There’s a dragon with matches that’s loose on the town.
By The Deadhead Cyclist
According to the Chinese zodiac, the next Year of the Dragon isn’t due until 2024, and we are currently in the midst of the Year of the Rat. But with all due respect to Chinese culture, we may need to depart from this ancient tradition and designate 2020 as the year of the “dragon with matches that’s loose on the town.”
Only time will tell how the disruption, turmoil and chaos of this particular year will compare historically to other years. But for those of us who happened to be alive on the planet – and particularly in the U.S.A. – during the time of the COVID-19 crisis and the 2020 American presidential election, 2020/2021 turned out to be one of the “big ones” of our lifetimes. Most of us, in one way or another, are trying to figure out how to navigate our way through these unknown, troubled waters. Few of us have escaped being affected; Indeed, millions have lost their livelihoods, and thousands have lost their lives.
During a more carefree time, in 1982, the Grateful Dead played two wonderful shows at the Alpine Valley Music Theater, which was, at the time, the largest amphitheater in the country. Located in East Troy, WI, Alpine Valley is equally accessible from Madison, Milwaukee, Rockford and Chicago. The Dead played there 20 times during the ’80s, and left behind the fantastic concert video, “Downhill From Here,” from the July, 1989 shows, and Dick’s Picks Volume 32, from the 8/7/82 show. As was often the case when the band played a venue on consecutive days, the show became a two-day event with most attendees present for both concerts. T.W.I.G.D.H features the 8/7/82 and 8/8/82 Alpine Valley shows, the latter of which includes a signature Scarlet/Fire during the early part of the second set.
I was on two wheels when I first discovered the powerfully metaphoric nature of the phrase, “dragon with matches,” from the Fire on the Mountain part of the medley. But most recently I recognized it as a perfect characterization for what has become known, simply, as “The Virus.” What is particularly apt about this phrase and the way it fits the Covid-19 pandemic is that it is a “conditional metaphor,” meaning that it is not merely a metaphor, but one that achieves a more powerful meaning under particular conditions.
A dragon is loaded with dangerous potential. But only under certain conditions – the lighting of a match – are the dragon’s most destructive capabilities unleashed. Similarly, the Virus’s most dragon-like capacity is made possible under certain circumstances, such as within indoor settings and in large, unvaccinated, unmasked groups. But the most important conditions under which the Virus thrives is in an unprecedented time of misinformation, driven by political division, insatiable greed, and lust for power. In short, the politicization of the Virus is the match that has ignited its most destructive power. And we are living through the dire consequences.
No matter how fortunate you are in your life, there is a dragon lying in wait around the corner, usually when you least expect it. The question is not whether you will be called on to slay your dragons; it is how you go about the task.
There’s a powerful message here: No matter how fortunate you are in your life, there’s a dragon lying in wait around the corner, usually when you least expect it. And the older you get, your dragon encounter frequency is almost certain to increase. The question is not whether you will be called on to slay your dragons, but how you go about the task.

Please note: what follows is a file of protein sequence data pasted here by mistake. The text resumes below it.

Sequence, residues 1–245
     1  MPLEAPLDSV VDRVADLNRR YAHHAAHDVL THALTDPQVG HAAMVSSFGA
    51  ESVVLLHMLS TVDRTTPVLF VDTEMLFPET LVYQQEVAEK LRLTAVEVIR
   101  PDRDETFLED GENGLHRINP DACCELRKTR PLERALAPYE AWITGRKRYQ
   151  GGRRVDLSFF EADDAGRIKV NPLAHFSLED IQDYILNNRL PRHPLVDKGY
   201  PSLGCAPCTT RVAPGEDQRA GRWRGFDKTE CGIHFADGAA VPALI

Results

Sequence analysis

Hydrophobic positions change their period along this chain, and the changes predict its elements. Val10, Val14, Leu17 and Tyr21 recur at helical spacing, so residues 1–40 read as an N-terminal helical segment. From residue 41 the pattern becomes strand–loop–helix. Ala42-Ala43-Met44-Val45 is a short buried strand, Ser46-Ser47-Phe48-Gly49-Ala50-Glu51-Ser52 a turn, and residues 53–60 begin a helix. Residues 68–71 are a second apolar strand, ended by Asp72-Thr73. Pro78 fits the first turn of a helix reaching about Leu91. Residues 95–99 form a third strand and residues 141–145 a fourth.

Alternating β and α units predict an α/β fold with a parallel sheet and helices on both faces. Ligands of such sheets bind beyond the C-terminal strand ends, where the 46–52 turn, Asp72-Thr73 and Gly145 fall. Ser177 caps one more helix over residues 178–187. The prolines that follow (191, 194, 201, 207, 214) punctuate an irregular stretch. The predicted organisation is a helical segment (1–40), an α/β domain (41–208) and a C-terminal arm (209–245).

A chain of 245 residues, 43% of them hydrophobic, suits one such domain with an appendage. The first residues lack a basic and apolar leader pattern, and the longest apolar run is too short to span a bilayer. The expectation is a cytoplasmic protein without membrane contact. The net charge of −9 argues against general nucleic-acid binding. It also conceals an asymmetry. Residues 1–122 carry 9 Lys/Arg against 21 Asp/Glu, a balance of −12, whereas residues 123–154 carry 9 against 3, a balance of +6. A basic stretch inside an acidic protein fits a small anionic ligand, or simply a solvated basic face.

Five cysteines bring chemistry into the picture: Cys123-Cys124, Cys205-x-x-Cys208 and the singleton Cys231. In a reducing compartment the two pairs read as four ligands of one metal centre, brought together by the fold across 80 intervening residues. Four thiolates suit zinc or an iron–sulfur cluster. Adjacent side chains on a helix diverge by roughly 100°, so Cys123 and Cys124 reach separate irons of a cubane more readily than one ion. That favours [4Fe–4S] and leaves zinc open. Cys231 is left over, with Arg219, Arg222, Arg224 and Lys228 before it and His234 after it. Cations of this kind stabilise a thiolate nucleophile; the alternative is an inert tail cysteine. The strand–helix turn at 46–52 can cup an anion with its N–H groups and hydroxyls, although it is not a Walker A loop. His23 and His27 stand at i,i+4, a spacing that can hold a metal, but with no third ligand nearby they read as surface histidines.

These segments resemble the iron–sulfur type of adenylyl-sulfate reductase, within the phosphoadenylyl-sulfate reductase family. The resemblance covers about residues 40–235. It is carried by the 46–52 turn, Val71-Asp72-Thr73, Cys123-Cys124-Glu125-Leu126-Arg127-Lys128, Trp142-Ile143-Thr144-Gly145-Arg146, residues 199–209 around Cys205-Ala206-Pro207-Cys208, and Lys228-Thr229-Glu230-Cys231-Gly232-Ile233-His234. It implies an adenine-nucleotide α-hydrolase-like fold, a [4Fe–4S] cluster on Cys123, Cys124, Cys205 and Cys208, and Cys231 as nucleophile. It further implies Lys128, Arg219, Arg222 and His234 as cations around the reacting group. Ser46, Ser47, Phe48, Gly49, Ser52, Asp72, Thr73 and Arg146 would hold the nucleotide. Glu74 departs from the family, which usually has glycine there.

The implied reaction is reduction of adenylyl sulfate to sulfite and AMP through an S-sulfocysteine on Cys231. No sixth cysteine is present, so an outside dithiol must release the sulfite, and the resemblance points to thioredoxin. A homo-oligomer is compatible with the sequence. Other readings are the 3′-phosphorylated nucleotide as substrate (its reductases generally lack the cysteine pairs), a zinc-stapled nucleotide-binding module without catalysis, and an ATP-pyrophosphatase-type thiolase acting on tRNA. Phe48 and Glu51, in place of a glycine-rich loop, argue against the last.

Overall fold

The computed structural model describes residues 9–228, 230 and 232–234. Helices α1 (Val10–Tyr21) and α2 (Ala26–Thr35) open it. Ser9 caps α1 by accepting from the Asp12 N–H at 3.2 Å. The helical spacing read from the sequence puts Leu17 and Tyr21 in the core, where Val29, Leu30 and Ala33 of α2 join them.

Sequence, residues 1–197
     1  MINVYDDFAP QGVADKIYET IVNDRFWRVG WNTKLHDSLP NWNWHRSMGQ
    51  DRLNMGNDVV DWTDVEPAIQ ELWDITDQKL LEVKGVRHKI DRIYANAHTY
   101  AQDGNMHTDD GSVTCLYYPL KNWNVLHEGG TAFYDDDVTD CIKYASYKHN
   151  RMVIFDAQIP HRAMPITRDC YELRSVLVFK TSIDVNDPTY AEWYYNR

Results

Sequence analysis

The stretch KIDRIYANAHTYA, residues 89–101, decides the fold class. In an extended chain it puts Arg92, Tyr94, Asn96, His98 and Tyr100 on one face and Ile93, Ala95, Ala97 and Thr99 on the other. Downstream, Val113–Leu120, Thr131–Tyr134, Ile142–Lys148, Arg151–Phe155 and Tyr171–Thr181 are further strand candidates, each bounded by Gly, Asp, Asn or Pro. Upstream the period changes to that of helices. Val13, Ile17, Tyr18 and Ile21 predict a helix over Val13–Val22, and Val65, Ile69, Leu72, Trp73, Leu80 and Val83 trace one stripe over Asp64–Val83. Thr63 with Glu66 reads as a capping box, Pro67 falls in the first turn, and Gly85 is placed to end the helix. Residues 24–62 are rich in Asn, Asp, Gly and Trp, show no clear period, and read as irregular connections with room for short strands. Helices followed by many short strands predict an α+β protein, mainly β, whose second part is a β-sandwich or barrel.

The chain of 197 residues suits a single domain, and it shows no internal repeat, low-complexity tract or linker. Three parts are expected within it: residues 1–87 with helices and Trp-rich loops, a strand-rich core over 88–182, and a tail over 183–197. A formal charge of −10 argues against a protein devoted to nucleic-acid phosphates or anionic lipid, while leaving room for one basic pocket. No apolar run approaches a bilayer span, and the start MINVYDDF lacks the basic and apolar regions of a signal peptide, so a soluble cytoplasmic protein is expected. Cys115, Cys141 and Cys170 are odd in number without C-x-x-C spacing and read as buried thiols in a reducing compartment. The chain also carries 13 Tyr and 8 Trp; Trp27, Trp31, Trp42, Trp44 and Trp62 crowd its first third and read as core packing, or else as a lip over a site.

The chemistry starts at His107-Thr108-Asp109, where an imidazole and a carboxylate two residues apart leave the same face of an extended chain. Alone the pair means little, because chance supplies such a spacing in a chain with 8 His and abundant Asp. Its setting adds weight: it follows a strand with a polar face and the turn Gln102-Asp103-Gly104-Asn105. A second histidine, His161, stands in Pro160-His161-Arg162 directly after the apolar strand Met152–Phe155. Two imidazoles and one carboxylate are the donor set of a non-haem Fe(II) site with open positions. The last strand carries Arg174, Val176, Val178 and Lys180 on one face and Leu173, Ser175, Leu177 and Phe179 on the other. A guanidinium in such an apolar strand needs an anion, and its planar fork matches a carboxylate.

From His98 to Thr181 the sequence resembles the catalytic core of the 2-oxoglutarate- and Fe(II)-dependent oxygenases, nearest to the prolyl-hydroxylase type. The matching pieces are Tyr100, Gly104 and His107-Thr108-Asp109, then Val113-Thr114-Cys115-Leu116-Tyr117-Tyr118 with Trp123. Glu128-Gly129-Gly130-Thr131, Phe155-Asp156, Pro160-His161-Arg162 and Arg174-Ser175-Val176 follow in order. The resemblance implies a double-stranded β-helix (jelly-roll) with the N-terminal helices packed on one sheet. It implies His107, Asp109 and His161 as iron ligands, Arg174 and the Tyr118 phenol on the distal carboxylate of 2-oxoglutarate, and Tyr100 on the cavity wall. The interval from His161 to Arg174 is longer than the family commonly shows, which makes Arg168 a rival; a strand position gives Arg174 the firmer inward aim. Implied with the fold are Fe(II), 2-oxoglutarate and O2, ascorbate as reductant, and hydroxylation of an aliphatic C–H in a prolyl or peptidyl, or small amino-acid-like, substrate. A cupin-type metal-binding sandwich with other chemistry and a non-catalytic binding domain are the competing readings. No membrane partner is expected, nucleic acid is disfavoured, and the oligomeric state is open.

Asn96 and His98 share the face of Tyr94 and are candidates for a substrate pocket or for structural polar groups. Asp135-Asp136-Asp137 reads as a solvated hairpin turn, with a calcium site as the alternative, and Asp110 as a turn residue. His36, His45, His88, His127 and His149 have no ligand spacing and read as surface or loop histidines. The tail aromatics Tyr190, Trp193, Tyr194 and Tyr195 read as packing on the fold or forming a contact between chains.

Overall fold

Doctors, nurses and other medical practitioners take an oath of ethics as a prerequisite of their certification, called the Hippocratic Oath, named after the ancient Greek physician, Hippocrates (460-370 B.C.E.). Part of the Hippocratic Oath is a paraphrasing of the classic Latin phrase, Primum non nocere, which means, “First do not harm.” This is an excellent way to begin the process of slaying your dragons.
At the age of 30, I was playing softball and I dived for a ball, catching the pinkie finger of my right hand on the turf and snapping it backwards. Subsequent x-rays showed a broken bone in the fifth metacarpal (knuckle). The orthopedic surgeon presented me with two options: 1. Have the bone surgically repaired. 2. Place a cast on it and let it heal in its new position. His advice was to refrain from surgery, saying, “You have a good situation there. Not an ideal situation, but a good one. The surgery might give you a better result, but it might also create unforeseeable problems. I would never advise a patient to attempt to substitute a better situation for a good situation.”
Today, many years later, there’s a slight deformity in my hand, but no pain or loss of function. The orthopedist was right: We often react to a bad situation in a way that makes things worse. Returning to the dragon metaphor, when encountering a dragon one should be very careful to avoid lighting a match that will exacerbate the problem. Further, more often than not, the challenges we face are unparalleled opportunities for personal growth. With that in mind, we invariably do better to embrace the Primum non nocere principle and consider our options carefully before taking any action at all.
Think back on the “dragons” you have faced in your life. How did you attempt to slay them? Have you ever made the mistake of lighting a match that served to release the full power of the dragon? What would you have done differently, and what will you do next time you round a corner and confront an unexpected challenge? Most importantly, have you taken full advantage of the lessons offered by your dragons?
Approaching the difficulties in your life in this way will, at a minimum, ensure that the problem will not become worse. And at best, you might discover that you have just the right pail of water needed to cool that dragon down.
Subscribe and stay in touch.